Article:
Spider-Man is undeniably one of the most popular superheroes, as he has been portrayed in numerous comic books, films, television shows and video games since his first appearance in 1962. In the last 20 years alone, there have been eight live-action solo Spider-Man films released, with three different actors playing Peter Parker and his web-slinging alter ego.

First, Tobey Maguire played Spider-Man three times from 2002 to 2007, followed by Andrew Garfield in 2012 and 2014. Most recently, Tom Holland suited up as Spider-Man five times between 2016 and 2019 in the Marvel Cinematic Universe (MCU), with his next solo film coming out this December. The three actors’ versions of Spider-Man all have their own virtues and drawbacks in their performances, but Holland stands above the rest as the ultimate Spider-Man.

One of the reasons that Holland shines as Spider-Man is his humor, as Holland is hilarious in the role. He brings a lighthearted feel to the character, which is a welcome change of tone from the other Spider-Man films, which try too hard to be dark and brooding — especially the Garfield ones. One of the key elements of Peter Parker, or Spider-Man, in the comics is that he has a sense of humor, even in the heat of battle. Holland is able to perfectly capture this trait, which makes his action scenes as Spider-Man the most enjoyable. For instance, during his fight with the Winter Soldier in “Captain America: Civil War,” he quips about the Winter Soldier’s metal arm, which is funny and relatable to the audience, who would probably also geek out at the metal arm if they were fighting the Winter Soldier. While some credit for Holland’s humor certainly goes to the director and writers of the films, Holland deserves the lion’s share, because he brings a fun energy to the character that had previously been absent in past movies.

Furthermore, another of Holland’s strengths is his physical appearance — he actually looks like and portrays a high schooler. In all three iterations of Spider-Man, Peter Parker is supposed to be a high school student, but both Maguire and Garfield look much too old to be in high school, as they were both in their late 20s by the time they took on the role of Spider-Man. However, Holland was only 20 years old at the time he became Spider-Man and fits right into the high school aesthetic, which allows audiences to take the film seriously. Likewise, Holland naturally gives off innocent and easygoing vibes, which makes him believable as an ordinary high school student who happened to be given incredible powers. Insider correspondent Jason Guerrasio said Holland is the most convincing Spider-Man we have seen so far, writing that “Holland is the perfect age to play a believable teen Peter Parker.”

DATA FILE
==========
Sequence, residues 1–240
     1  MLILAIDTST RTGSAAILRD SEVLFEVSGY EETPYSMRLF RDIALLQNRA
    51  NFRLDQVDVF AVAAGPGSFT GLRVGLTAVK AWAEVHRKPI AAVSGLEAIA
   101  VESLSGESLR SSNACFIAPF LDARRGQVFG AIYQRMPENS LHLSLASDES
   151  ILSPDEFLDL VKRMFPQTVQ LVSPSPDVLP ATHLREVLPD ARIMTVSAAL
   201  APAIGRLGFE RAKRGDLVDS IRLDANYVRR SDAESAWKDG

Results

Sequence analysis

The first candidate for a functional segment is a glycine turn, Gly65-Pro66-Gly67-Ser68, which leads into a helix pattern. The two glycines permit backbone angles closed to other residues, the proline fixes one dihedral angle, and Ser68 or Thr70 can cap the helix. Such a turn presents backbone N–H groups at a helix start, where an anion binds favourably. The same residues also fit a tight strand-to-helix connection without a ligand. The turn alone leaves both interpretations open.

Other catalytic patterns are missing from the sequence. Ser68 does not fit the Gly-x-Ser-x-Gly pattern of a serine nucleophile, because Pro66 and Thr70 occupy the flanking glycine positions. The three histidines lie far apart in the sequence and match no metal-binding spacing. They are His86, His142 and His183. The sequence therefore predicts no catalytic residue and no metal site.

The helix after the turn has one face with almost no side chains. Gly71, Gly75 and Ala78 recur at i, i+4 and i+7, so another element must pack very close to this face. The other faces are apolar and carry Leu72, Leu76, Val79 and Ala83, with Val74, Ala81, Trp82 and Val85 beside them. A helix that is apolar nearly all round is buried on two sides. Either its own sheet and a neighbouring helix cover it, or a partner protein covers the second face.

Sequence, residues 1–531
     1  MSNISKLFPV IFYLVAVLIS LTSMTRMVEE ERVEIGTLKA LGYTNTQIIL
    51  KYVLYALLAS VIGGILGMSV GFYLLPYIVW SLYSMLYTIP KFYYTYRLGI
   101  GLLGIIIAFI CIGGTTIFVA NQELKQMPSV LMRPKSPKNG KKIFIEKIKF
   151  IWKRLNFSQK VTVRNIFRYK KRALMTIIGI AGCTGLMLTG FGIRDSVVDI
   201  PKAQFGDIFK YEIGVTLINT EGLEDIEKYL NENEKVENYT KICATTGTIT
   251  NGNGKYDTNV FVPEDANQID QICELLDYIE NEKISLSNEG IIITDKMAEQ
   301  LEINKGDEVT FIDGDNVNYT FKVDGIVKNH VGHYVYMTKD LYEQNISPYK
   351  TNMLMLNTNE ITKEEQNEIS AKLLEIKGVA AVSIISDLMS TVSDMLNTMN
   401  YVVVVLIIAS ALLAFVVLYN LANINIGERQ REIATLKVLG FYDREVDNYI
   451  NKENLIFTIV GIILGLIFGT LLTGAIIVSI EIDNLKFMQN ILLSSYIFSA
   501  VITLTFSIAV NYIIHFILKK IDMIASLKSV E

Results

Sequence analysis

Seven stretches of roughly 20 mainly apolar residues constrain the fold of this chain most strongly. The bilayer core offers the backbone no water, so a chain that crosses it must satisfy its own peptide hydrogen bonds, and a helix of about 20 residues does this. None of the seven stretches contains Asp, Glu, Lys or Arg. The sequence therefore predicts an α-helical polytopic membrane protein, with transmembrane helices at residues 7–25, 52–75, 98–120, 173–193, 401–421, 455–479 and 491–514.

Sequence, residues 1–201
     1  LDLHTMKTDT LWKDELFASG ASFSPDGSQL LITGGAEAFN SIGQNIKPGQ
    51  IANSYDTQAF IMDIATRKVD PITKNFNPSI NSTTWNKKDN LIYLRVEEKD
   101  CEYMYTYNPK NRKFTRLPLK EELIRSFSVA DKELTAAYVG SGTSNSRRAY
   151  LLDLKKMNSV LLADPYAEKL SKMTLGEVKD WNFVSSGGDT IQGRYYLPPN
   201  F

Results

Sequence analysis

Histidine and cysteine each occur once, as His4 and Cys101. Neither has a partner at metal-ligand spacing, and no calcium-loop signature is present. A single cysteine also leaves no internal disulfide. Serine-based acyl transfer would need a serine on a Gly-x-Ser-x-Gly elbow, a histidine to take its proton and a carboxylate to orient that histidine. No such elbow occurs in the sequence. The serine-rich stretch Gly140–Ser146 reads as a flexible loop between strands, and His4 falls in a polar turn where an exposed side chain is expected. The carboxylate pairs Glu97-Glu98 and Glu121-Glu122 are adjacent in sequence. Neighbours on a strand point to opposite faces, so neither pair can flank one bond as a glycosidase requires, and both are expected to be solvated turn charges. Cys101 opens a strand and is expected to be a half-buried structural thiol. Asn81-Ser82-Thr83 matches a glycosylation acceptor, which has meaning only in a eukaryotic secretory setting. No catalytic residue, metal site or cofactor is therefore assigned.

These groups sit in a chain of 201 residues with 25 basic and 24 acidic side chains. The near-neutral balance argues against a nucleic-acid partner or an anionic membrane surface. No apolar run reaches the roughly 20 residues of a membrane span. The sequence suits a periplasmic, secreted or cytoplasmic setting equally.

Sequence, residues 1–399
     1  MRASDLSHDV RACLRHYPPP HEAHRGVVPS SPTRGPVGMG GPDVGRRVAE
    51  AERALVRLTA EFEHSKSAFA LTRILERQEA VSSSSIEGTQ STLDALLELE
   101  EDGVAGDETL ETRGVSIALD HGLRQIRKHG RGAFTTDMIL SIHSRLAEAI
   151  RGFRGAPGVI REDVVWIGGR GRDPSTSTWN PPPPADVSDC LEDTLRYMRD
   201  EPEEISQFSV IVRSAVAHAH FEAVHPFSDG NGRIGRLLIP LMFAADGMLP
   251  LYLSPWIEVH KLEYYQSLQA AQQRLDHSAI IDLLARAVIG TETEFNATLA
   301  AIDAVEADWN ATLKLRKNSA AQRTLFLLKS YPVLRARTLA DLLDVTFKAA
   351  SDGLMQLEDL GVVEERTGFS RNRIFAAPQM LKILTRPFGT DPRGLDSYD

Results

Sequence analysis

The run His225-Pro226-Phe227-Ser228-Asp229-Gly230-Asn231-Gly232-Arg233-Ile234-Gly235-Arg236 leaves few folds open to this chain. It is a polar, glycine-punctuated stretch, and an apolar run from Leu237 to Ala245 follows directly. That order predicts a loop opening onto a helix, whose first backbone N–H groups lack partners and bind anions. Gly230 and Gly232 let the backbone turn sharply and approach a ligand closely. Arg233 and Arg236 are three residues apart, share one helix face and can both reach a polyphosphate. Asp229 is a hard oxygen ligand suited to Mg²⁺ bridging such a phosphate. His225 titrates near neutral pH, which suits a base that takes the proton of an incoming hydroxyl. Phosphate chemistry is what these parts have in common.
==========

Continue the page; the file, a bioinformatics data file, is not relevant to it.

Holland is also the best version of Spider-Man because he is able to balance the roles of Spider-Man and Peter Parker. Maguire is able to capture the sympathetic and neurotic side of Peter Parker but struggles to hold gravitas when he actually suits up as Spider-Man. On the other hand, Garfield is great when he dons the Spider-Man suit due to his witty and fast-paced one-liners, but he comes across as too cool for the character of Peter Parker, who is supposed to be more awkward and introverted. Holland is the best of both worlds, as his performance as Peter Parker is down to earth and humble, yet he is able to be charismatic and quippy as Spider-Man.

One of the biggest criticisms against Holland’s portrayal of Spider-Man is that he is too reliant on the characters around him and the larger MCU as a whole, which takes the focus away from him. Unlike the previous Spider-Men, Holland’s version of the character has had the chance to be featured in the MCU, which has released over 20 interconnected superhero films since 2008. As such, Holland has appeared in multiple Avengers team-up films, and other MCU heroes have appeared in his solo films. Nicholas Cervania, a journalist for The Gauntlet, is not a fan of Holland’s Spider-Man, writing, “Personally, I don’t like Tom Holland’s Spider-Man. While his performance is fine, I feel like the writers for the [MCU] films have a fundamental misunderstanding of what makes a good Spider-Man story.”

While it is true that Holland’s films often heavily feature other MCU characters as mentors for him, such as Iron Man in “Spider-Man: Homecoming,” these films are ultimately successful because of these relationships. It makes sense that Spider-Man needs to rely on others due to his youth and inexperience as a superhero, and by the end of “Spider-Man: Homecoming,” he learns about self-reliance and takes on the antagonist alone. The mentorship between Iron Man and Spider-Man serves double duty for the film, as it both makes logical sense for the characters and provides fans a service by allowing us to see two of our favorite characters interact and learn from each other.

Overall, Holland’s performances as Spider-Man have cemented him as the definitive take on the character due to his natural humor, youthful innocence and balance between the nerdy Peter Parker and confident Spider-Man. Going forward, I know that Holland will continue to give excellent performances as Spider-Man, and I cannot wait to see where he takes the character next in “Spider-Man: No Way Home.”

Elijah Engler is a freshman majoring in chemistry.